131 This woman moved from California to Chicago because "you follow your love sometimes," she told the judge. A dietician, she works for a food company with a focus on bananas, and said she recalled parts of last year's trial.

132 This middle-aged woman reads her local paper and helps run a small video store. She said she sometimes watches Judge Judy, and Zagel warned her that the case would likely not be so dramatic. She has no preconceptions about the case.

136 This female juror, an African American, used to serve in the Navy and said she didn't pay attention to last summer's trial. Her child once visited a doctor at Children's Memorial Hospital. A part-time caterer, she's hoping to go into nursing, she told the judge.

140 A third and fourth grade teacher who said she loves her job, this juror usually just reads headlines in the Daily Herald. She's acted as a learning coach to other teachers, but wasn't a supervisor.

142 This juror does sterilization and lab work for a dental office in her brother's practice, a job she's been doing for the last nine years after raising her children. She's served on a jury multiple times in the county where she lives.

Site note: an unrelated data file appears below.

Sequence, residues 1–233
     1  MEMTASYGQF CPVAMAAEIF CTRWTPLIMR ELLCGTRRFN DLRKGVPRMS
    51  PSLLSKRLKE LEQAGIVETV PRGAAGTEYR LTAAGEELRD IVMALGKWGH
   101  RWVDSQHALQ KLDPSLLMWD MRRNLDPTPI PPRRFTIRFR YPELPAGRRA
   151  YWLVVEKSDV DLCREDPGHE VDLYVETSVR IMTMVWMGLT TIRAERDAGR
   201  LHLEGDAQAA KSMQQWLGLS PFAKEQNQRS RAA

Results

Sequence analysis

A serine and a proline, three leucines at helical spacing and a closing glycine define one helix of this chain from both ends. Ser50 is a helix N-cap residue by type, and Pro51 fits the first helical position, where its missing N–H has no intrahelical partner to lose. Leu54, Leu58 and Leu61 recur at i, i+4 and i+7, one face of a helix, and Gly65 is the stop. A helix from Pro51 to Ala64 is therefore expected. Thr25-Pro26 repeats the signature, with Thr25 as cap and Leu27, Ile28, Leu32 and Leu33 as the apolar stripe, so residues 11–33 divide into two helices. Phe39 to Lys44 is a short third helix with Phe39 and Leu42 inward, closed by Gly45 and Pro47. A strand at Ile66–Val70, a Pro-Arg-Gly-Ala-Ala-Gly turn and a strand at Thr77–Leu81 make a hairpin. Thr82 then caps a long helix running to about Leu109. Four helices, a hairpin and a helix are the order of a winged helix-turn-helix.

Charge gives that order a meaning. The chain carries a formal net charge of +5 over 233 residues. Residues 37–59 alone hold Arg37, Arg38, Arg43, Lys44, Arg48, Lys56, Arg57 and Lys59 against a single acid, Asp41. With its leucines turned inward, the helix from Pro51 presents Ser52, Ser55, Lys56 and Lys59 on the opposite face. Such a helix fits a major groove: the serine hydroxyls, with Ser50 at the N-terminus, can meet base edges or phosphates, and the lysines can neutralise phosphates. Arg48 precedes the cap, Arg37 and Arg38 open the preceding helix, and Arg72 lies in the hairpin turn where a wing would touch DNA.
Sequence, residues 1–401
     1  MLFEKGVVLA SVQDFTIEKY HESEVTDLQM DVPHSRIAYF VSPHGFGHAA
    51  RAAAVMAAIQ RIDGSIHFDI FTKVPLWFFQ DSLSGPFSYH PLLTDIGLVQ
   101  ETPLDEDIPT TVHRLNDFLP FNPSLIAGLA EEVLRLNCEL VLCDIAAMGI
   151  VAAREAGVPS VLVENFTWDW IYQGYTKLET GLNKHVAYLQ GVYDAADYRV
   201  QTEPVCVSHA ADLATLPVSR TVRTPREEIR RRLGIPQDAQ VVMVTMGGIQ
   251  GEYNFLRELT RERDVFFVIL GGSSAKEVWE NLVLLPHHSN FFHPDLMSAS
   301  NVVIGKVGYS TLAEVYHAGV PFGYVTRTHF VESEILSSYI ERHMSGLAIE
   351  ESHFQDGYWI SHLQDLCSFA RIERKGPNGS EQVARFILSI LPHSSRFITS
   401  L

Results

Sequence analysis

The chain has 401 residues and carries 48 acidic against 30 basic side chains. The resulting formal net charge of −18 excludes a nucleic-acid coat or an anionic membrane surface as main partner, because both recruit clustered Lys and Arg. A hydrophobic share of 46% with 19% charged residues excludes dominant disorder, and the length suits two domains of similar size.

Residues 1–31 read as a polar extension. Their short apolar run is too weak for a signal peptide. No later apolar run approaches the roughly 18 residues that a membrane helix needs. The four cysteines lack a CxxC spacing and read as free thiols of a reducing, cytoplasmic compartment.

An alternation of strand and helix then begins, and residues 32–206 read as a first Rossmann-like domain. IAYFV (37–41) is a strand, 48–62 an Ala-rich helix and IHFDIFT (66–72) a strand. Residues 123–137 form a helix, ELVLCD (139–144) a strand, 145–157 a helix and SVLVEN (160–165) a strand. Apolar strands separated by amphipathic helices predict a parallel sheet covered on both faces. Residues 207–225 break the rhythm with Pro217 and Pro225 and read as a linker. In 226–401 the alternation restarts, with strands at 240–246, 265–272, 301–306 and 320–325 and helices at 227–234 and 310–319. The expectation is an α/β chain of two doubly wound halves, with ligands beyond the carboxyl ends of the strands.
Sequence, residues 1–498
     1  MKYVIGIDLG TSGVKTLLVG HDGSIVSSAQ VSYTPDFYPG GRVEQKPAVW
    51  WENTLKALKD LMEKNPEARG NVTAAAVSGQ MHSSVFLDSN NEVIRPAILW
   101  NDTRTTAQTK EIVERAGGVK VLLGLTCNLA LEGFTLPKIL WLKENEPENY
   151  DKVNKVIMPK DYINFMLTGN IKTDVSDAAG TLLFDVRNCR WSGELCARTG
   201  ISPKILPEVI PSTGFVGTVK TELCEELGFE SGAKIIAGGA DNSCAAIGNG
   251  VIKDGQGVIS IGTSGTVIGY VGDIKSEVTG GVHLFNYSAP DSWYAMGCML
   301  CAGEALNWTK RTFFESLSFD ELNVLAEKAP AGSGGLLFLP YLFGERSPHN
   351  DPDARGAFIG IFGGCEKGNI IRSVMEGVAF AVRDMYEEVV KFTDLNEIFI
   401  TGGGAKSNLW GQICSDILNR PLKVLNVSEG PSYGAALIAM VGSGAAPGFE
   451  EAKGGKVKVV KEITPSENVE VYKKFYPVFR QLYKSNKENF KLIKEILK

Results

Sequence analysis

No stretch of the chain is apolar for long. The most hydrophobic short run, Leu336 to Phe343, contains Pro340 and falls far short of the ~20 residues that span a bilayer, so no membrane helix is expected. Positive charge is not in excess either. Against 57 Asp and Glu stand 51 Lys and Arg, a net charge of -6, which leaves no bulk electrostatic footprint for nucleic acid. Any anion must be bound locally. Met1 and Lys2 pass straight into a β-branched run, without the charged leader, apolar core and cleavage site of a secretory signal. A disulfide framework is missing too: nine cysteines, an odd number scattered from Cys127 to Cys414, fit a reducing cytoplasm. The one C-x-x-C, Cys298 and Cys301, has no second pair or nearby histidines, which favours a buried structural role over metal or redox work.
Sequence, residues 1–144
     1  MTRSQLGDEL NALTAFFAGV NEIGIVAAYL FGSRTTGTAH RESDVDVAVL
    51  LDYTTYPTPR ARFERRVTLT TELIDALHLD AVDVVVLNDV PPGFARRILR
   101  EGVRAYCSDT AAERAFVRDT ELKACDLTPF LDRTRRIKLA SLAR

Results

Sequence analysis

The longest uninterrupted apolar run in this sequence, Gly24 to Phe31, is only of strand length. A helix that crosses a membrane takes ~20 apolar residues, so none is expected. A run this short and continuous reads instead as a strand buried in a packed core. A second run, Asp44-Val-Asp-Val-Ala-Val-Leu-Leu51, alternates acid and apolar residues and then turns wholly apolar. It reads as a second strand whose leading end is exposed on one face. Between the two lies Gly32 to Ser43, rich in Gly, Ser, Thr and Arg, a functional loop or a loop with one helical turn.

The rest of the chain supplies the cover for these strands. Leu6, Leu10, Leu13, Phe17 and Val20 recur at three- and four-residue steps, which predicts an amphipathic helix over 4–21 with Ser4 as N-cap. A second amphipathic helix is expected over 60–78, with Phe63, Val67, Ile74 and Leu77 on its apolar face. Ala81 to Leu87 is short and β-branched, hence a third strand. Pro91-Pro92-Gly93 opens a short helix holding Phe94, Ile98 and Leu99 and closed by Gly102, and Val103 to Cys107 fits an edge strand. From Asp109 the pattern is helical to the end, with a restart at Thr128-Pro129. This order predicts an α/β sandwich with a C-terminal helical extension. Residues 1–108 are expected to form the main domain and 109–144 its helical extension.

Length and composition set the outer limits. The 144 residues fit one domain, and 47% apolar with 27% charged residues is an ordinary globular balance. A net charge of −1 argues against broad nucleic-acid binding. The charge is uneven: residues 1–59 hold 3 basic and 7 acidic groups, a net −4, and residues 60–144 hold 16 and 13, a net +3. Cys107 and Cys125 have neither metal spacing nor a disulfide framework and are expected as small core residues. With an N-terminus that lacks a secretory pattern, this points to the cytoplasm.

146 This middle-aged woman has been practicing music since she was in junior high, and worked as a choral director until her recent retirement. She said she believes most politicians are good and said "since public officials are human, some may consider their own interests, and you'd hope that they would place their duties of office first."

149 This 40-something mother of three was recently laid off from her job as director of marketing and sales for a manufacturing company, a field she's worked in for most of her life. She didn't care, one way or the other, about the last trial, and told Zagel she could be a fair juror.

174 This father of two with a slight Boston accent said from what he read, "I figured he was possibly guilty, but that was just a guess." It's an opinion he said he could put aside, though that didn't stop the defense from trying to kick him off for cause. He works in a distribution company and reads the Chicago Tribune on Sundays.